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Mickelson hits moving ball at US Open

Watch: Phil Mickelson chases after, hits moving ball on green

You've never seen anything like this from Phil Mickelson.

The five-time major champion -- a six-time runner-up in the U.S. Open, the only major he has yet to win -- stunned the golf world on Saturday in the third round at Shinnecock Hills when he hit his moving golf ball back toward the hole on the 13th green after a missed bogey putt.

"I know it’s a two-shot penalty, and at that time I just didn’t feel like going back and forth and hitting the same shot over," Mickelson said after his round. He took a 10 on the hole. "I took the two-shot penalty and moved on. It’s my understanding of the rules. I’ve had multiple times where I’ve wanted to do that, I just finally did."

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Here's a look at Rule 14-5:

Rule 14: Striking the Ball

5. Playing Moving Ball

A player must not make a stroke at his ball while it is moving.

Exceptions:

— Ball falling off tee (Rule 11-3)

— Striking the ball more than once (Rule 14-4)

— Ball moving in water (Rule 14-6)

When the ball begins to move only after the player has begun the stroke or the backward movement of his club for the stroke, he incurs no penalty under this Rule for playing a moving ball, but he is not exempt from any penalty under Rule 18-2 (Ball at rest moved by player).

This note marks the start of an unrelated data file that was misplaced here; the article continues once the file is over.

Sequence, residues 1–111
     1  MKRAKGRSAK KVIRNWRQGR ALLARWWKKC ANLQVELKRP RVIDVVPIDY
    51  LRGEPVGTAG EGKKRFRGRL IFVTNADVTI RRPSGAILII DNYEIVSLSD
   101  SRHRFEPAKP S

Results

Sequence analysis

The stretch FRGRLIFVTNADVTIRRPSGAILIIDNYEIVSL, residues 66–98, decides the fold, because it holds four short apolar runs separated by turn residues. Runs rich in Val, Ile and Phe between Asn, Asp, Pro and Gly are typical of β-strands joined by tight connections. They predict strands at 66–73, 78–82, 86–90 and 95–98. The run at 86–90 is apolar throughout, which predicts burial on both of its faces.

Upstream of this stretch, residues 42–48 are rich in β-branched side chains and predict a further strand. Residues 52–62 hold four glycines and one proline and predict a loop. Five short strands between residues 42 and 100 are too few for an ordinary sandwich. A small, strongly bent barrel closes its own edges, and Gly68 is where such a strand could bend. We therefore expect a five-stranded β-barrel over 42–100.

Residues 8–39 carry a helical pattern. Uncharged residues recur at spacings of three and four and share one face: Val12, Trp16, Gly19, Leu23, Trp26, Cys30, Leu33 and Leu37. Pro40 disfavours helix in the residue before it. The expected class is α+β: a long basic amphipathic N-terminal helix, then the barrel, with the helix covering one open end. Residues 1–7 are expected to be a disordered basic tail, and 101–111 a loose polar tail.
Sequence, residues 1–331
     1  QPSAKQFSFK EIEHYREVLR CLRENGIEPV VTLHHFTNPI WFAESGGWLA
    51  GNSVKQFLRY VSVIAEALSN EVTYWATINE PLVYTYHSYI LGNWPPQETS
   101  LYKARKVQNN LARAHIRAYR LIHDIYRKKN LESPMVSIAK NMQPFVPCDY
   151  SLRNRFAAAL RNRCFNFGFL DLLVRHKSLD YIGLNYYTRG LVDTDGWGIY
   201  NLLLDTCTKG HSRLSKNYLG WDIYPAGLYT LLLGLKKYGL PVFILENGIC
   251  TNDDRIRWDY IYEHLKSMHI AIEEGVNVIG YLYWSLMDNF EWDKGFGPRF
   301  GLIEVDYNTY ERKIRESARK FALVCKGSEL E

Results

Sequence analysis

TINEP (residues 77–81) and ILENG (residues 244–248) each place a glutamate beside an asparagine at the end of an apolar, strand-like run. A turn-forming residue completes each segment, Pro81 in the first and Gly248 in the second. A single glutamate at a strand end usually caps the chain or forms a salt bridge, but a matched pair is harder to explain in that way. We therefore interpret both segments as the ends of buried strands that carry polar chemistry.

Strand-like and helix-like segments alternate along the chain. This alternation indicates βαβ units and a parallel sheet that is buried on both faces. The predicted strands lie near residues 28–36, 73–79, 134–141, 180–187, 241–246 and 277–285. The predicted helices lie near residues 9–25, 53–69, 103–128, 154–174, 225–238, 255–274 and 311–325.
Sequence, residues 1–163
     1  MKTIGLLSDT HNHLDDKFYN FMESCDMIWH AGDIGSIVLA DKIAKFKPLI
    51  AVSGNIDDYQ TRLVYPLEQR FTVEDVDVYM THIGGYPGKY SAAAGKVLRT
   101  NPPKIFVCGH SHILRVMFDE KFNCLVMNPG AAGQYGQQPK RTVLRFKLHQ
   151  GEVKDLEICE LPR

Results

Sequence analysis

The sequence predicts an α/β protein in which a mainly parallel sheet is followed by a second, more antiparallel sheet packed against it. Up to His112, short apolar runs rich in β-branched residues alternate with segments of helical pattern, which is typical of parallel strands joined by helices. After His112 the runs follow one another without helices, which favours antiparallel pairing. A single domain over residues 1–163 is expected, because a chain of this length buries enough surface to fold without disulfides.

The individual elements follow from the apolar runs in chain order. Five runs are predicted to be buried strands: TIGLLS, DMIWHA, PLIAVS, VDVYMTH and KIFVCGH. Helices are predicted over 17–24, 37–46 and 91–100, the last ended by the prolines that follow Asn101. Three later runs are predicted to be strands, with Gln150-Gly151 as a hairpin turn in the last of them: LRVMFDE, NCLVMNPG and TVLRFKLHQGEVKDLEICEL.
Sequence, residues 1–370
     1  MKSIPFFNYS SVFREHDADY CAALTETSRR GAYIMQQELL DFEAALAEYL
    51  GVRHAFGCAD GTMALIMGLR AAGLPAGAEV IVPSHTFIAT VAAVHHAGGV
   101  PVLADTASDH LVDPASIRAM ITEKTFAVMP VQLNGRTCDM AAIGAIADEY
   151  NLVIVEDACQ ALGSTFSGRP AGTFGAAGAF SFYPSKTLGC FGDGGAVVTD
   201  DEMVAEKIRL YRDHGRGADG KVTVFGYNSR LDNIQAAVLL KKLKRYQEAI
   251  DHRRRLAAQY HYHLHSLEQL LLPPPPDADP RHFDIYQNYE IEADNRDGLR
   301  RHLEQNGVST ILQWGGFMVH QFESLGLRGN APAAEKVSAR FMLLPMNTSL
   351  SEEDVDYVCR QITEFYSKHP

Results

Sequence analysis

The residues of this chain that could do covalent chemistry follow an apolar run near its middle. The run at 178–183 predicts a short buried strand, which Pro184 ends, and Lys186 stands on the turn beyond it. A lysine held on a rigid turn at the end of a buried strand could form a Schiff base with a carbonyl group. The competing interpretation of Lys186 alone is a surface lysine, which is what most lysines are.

Penalty for Breach of Rule 14-5:

Match play — Loss of hole; Stroke play — Two strokes.

It was reminiscent of John Daly hitting a moving ball at Pinehurst No. 2 in the 1999 U.S. Open.

Mickelson would shoot an 11-over 81 in the third round that dropped him to 17 over for the week and in 65th place.

He said he knew the ball was going to roll off the green, which is why he decided to hit it while it was still moving.

"No question it was going to go down in the same spot behind the bunker, I wasn’t going to have a shot," he said. "I don’t know if I would have been able to save a shot or whatnot, but I know it’s a two-shot penalty hitting a moving ball, I tried to hit it as close to the hole as I could to make the next one. You take the two shots and move on."

Mickelson was asked if he thought what he did was disrespectful to the championship.

"It’s certainly not meant that way," he said. "It’s meant to take advantage of the rules as best as you can. In that situation, I was just going back and forth and I’d gladly take the two shots over continuing that display."